According to the info given in Exhibit 3, As of October 2020, IBM is leading in the ownership of active machine learning and artificial intelligence patent families across the globe. It owns 5,548 patent families. Till 2018 Microsoft led this category but now it ranks third with 5330 active patents.  Samsung is a close second with 5,500 patent families.  

We can also refer to the data given in Exhibit 7 to analyze the Machine Learning adoption rate of various organizations. The stats compare the current versus the future which is the anticipated machine learning maturity level in organizations. By the survey, 21% of the respondents are in the evaluation stage of the use cases while 17% have developed models but are still working toward production.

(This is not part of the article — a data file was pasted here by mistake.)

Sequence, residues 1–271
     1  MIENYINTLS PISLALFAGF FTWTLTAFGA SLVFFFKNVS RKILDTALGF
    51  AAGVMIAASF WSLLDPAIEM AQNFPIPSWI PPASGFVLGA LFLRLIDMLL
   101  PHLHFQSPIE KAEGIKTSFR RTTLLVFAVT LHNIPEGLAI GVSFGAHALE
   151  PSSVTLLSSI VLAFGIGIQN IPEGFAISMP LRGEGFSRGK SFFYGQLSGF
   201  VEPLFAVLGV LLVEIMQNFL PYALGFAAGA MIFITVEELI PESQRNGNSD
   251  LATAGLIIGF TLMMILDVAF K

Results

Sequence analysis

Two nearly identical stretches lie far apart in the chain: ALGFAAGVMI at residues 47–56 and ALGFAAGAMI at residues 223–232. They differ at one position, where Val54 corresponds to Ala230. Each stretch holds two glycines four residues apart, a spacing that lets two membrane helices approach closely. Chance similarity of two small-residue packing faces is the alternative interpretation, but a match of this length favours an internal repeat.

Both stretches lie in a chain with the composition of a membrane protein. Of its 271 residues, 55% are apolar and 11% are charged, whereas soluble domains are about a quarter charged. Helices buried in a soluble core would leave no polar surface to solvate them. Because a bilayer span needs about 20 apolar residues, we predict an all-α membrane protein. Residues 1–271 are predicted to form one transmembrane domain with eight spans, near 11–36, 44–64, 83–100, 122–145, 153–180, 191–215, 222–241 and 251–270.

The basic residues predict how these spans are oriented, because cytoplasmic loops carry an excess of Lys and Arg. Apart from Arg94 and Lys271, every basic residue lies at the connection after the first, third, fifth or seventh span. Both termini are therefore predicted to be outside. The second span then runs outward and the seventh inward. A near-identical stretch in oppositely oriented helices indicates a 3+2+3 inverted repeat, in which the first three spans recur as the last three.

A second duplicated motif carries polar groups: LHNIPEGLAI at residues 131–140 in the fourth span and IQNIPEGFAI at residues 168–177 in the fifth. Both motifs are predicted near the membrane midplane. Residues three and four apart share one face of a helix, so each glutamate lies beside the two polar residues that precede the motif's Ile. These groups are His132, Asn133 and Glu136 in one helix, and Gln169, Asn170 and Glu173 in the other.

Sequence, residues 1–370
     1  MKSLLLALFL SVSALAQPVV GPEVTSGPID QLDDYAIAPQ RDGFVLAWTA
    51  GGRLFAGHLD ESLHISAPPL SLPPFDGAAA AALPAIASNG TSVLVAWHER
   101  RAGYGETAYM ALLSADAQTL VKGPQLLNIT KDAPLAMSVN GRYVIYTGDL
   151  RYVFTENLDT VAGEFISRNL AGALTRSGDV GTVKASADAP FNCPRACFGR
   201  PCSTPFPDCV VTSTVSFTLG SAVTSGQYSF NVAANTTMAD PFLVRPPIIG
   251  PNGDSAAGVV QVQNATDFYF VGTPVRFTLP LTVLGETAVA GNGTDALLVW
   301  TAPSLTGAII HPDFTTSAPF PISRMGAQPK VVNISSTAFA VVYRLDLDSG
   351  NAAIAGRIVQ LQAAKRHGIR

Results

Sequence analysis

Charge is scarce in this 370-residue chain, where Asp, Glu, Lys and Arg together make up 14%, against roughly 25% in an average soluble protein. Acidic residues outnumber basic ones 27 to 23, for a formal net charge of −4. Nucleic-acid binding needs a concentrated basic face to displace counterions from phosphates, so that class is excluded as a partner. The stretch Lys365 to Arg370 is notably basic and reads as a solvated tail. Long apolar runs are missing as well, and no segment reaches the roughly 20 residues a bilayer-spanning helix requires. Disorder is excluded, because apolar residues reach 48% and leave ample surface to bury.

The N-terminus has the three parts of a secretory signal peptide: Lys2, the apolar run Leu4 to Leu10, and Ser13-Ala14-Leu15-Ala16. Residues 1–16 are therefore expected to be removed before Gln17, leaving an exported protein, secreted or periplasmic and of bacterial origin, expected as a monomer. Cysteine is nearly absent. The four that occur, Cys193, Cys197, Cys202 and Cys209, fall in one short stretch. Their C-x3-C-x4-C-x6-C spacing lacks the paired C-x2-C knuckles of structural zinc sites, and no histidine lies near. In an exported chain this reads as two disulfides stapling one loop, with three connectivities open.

Some insights can also be derived from Exhibit 4 about the adoption of these technologies functionalities where, Research and development’s adoption of data science and machine learning technologies is the fastest among enterprise departments, as over 70% of respondents in the field of research and development reported of deploying data science and machine learning which was followed by executives in the management with 40% adoption rate in 2019.

Popular ML Features and Their Importance

By the info given in Exhibit 5, Support for a good range of regression models is that e most vital feature organizations need in data science and machine learning technologies as of  2019, with about 66 percent of respondents reporting this feature to be critical or important.  Hierarchical clustering and textbook statistical functions are on top of the list. 

The response is divided into a scale of 1 to 5 with the following key: 

1 Unimportant 
2 Somewhat Important 
3 Important 
4 Very Important 
5 Critical 

Market Segmentation

By Industry/Sector


1. Retail Banking: